Brad Pitt may not be gracing the the silver screen as often in the future, and he's opening up about being in the last stages of his film career.

The actor told GQ magazine in a cover story interview published Wednesday that he's approaching retirement.

“I consider myself on my last leg,” Pitt said, “this last semester or trimester. What is this section gonna be? And how do I wanna design that?”

Pitt is still slated for acting gigs in 2022, including director David Leitch’s action blockbuster “Bullet Trai” about five assassins aboard a fast moving train, and the historical drama film “Babylon.”

The 58-year-old actor, known for his performances in “Fight Club” and “Once Upon a Time In Hollywood,” has gradually receded from onscreen roles and instead has taken a more prominent position behind the camera as a film producer. Pitt is the current CEO of Plan B Entertainment that helmed works such as 2016 "Moonlight," Golden Globe-winning film "Minari" and the just-released remake of "Father of the Bride."

The production company will be behind various movies in 2022, including Netflix’s "Blonde" starring Ana de Armas as Marilyn Monroe and "Women Talking," an adaptation of Miriam Toews’s novel, which the Academy Award winner said is "as profound a film as anything made this decade."

Although Pitt has not been formally diagnosed, he told GQ he may have prosopagnosia, otherwise known as face blindness, which prohibits him from recognizing new faces or remembering people he meets in social settings (though Pitt says "nobody believes" he suffers from the condition).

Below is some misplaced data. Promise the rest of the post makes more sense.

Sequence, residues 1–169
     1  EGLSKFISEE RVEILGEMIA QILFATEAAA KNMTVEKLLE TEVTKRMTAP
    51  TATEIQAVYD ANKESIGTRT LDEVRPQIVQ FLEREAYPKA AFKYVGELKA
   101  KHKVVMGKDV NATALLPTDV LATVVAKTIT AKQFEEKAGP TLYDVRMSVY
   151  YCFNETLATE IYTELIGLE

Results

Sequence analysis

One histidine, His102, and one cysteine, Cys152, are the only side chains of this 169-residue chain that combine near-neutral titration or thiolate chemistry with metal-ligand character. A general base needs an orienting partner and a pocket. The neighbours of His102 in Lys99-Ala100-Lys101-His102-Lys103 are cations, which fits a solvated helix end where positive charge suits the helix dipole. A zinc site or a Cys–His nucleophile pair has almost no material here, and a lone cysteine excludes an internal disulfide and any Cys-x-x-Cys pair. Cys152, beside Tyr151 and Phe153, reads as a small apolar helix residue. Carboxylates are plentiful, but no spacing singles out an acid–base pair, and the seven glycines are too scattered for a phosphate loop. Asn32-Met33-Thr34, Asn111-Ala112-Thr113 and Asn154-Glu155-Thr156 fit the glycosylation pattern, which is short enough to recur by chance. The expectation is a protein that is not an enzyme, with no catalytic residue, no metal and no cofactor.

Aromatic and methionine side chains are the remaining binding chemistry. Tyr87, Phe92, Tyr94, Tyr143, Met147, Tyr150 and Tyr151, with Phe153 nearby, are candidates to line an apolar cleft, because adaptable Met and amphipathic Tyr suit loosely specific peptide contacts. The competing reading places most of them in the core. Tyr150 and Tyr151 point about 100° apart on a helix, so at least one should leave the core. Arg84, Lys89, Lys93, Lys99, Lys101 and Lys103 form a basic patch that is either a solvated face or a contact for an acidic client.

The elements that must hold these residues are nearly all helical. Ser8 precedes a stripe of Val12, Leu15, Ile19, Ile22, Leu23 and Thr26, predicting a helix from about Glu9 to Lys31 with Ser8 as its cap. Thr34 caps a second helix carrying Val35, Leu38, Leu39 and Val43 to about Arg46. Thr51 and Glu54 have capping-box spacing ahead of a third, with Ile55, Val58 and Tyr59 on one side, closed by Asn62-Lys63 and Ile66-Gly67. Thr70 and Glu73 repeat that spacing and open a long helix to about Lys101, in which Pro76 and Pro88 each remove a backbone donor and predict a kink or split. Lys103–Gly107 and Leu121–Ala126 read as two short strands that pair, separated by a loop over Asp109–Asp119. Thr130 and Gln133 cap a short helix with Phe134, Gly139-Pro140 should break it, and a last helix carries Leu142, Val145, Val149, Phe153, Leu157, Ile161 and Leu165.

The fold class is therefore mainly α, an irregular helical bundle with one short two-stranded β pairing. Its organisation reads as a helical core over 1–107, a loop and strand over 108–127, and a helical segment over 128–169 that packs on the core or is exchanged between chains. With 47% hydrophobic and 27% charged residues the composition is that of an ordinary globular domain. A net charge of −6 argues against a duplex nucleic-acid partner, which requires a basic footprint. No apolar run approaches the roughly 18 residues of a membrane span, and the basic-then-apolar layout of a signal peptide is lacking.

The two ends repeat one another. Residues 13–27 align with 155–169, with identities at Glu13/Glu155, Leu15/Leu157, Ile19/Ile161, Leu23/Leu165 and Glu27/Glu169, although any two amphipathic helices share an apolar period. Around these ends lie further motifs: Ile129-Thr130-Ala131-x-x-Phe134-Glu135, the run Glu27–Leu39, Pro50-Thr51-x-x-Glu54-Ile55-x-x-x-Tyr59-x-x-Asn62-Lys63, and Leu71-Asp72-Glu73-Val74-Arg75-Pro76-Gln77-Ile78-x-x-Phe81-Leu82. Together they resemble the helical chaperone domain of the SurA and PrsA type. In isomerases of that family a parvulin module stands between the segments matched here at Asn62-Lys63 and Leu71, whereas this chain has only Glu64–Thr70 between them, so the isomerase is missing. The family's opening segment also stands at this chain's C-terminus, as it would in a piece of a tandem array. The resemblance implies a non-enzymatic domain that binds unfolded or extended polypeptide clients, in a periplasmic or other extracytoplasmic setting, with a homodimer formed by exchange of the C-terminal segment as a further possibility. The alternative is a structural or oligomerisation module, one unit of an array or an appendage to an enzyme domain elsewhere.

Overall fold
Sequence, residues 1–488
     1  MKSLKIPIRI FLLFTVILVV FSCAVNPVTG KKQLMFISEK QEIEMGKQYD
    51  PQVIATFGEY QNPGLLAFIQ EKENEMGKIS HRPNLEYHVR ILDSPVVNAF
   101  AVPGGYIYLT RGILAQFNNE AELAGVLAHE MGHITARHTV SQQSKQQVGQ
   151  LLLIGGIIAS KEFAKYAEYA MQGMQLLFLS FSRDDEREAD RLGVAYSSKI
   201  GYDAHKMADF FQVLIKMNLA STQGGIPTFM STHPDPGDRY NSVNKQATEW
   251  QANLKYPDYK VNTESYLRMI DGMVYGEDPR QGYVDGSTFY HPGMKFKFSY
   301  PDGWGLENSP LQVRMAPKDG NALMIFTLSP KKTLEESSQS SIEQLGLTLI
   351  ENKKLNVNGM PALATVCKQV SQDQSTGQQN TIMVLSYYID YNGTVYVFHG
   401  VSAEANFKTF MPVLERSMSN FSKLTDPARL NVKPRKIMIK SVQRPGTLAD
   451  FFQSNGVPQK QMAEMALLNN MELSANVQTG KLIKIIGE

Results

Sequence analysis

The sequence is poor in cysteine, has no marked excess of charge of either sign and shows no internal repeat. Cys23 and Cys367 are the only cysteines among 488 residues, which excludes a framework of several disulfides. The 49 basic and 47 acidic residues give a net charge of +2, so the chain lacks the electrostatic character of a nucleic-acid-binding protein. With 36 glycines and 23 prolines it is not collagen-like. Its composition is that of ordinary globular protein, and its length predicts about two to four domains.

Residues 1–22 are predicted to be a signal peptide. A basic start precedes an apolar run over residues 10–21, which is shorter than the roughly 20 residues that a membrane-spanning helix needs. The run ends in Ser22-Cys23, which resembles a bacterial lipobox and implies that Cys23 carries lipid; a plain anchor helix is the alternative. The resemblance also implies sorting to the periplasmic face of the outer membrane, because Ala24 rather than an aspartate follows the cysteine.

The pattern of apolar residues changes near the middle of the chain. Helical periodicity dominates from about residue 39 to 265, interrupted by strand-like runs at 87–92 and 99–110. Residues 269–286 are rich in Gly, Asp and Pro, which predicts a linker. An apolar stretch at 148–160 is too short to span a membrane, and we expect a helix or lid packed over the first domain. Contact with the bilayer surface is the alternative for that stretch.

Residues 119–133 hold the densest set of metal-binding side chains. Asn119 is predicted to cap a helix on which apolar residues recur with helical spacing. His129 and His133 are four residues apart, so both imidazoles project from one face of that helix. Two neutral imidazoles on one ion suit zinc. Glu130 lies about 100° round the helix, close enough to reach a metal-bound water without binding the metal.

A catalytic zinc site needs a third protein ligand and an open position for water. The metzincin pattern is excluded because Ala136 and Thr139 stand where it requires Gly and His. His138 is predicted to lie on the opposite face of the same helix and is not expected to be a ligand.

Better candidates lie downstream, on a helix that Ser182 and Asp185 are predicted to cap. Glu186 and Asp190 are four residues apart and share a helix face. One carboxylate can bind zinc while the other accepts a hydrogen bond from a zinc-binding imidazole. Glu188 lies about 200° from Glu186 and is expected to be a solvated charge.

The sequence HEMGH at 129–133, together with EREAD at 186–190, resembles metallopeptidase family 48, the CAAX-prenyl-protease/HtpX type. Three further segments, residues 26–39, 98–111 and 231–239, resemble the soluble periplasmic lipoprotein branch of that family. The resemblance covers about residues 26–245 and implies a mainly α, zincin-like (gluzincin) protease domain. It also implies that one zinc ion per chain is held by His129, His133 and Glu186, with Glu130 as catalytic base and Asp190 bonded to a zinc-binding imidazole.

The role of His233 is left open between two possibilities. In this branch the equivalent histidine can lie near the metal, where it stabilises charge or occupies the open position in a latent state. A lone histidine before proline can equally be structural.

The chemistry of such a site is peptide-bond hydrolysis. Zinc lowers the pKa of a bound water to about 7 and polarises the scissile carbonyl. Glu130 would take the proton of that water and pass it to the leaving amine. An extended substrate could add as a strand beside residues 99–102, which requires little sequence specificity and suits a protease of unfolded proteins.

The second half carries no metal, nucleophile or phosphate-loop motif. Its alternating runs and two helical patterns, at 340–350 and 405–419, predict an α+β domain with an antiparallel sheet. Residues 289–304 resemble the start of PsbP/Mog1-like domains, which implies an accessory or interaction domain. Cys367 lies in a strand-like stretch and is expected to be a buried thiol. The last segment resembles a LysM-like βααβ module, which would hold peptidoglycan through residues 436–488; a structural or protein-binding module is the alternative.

Pitt also said he quit smoking altogether during the pandemic because reducing the number of cigarettes per day wasn’t enough. 

“I don’t have that ability to do just one or two a day,” Pitt said. “It’s not in my makeup. I’m all in. And I’m going to drive into the ground. I’ve lost my privileges.”

Pitt delved deeper into discussing his sobriety, saying when Angelina Jolie filed for divorce in 2016, he that year getting sober and attending Alcoholics Anonymous meetings.

“I had a really cool men’s group here that was really private and selective, so it was safe,” Pitt told GQ. “Because I’d seen things of other people who had been recorded while they were spilling their guts, and that’s just atrocious to me.”

The ex-couple have been embroiled in a custody battle since the initial divorce filings where Jolie asked for physical custody of all six of their children — Maddox, 20, Pax, 18, Zahara, 17, Shiloh, 16, and twins Vivienne and Knox, 13. Pitt was tentatively awarded joint custody last spring, though Jolie’s team criticized the private judge for not allowing the couple’s children to testify in the custody proceedings.

In October, California's Supreme Court rejected Pitt's appeal and decided it won't review an earlier decision by a state appeals court which handed Jolie a major victory by disqualifying the private judge the couple hired to handle their divorce. Jolie’s team filed a petition in August 2020 to disqualify the judge from the case because of a disclosure issue regarding the judge’s business connection with an attorney on Pitt’s team. 

According to Holly Davis, a trial lawyer and founding partner of Austin divorce firm Kirker Davis LLP, the custody case will likely start over with a new judge.